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Course location and department:

This is what the university has told Ucas about the course. Use it to get a quick idea about what makes it unique compared to similar courses, elsewhere.

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Teaching Excellence Framework (TEF):

We've received this information from the Department for Education, via Ucas. This is how the university as a whole has been rated for its quality of teaching: gold silver or bronze. Note, not all universities have taken part in the TEF.

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This information comes from the National Student Survey, an annual student survey of final-year students. You can use this to see how satisfied students studying this subject area at this university, are (not the individual course).

We calculate a mean rating of all responses to indicate whether this is high, medium or low compared to the same subject area at other universities.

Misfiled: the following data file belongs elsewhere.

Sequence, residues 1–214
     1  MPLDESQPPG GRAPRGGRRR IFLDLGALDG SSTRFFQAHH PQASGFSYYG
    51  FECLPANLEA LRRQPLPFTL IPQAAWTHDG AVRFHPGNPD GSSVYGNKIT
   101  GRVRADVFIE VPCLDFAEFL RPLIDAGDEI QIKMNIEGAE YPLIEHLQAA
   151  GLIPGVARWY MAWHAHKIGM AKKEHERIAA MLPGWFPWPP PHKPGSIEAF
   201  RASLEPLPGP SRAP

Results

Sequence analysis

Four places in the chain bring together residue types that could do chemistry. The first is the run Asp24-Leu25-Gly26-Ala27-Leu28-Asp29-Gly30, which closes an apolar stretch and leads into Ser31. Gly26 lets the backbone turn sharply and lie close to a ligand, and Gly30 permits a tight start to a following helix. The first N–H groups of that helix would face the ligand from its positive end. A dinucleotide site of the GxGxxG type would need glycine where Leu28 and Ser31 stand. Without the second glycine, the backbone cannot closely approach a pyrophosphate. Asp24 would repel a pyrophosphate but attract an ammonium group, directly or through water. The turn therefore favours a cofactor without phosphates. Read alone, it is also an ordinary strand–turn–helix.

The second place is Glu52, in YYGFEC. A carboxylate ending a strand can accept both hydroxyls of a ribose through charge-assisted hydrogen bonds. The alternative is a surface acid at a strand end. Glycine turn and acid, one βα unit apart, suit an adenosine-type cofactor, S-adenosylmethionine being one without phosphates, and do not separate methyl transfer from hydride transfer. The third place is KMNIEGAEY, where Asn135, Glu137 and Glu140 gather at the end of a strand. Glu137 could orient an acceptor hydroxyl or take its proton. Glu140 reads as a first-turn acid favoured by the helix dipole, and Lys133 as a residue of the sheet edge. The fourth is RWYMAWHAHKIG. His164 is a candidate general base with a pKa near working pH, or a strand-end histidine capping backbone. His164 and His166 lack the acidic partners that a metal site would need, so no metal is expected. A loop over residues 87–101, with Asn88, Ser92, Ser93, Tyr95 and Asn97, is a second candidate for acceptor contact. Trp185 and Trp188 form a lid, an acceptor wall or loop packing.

Have a question about this info? Learn more here

This information is from the Higher Education Statistics Agency (HESA).

You can use this to get an idea of who you might share a lecture with and how they progressed in this subject, here. It's also worth comparing typical A-level subjects and grades students achieved with the current course entry requirements; similarities or differences here could indicate how flexible (or not) a university might be.

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Post-six month graduation stats:

This is from the Destinations of Leavers from Higher Education Survey, based on responses from graduates who studied the same subject area here.